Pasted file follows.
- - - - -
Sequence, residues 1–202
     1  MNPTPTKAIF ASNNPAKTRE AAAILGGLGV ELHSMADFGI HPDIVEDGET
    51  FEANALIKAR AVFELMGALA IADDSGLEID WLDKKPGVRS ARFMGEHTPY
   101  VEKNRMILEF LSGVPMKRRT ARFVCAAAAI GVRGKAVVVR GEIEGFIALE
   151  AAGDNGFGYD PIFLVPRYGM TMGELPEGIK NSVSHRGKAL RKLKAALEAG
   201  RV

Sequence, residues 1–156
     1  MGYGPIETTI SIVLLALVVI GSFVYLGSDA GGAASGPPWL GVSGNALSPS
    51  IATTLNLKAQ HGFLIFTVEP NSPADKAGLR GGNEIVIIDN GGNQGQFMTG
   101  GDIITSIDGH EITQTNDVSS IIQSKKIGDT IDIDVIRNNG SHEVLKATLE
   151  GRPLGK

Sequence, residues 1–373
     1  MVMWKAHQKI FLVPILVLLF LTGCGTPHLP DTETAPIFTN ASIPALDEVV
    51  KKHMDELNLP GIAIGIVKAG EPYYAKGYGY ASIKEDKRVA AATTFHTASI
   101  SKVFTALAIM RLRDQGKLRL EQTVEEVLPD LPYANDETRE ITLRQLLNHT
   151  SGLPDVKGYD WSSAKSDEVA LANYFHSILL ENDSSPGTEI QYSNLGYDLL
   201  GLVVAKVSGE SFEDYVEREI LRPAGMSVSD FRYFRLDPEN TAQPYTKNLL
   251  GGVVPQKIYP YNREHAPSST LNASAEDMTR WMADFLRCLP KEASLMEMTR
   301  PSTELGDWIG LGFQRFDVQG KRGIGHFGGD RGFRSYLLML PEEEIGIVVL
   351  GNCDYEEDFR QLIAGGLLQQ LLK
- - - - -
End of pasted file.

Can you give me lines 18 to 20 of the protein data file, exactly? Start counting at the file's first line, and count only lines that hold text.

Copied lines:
   251  GGVVPQKIYP YNREHAPSST LNASAEDMTR WMADFLRCLP KEASLMEMTR
   301  PSTELGDWIG LGFQRFDVQG KRGIGHFGGD RGFRSYLLML PEEEIGIVVL
   351  GNCDYEEDFR QLIAGGLLQQ LLK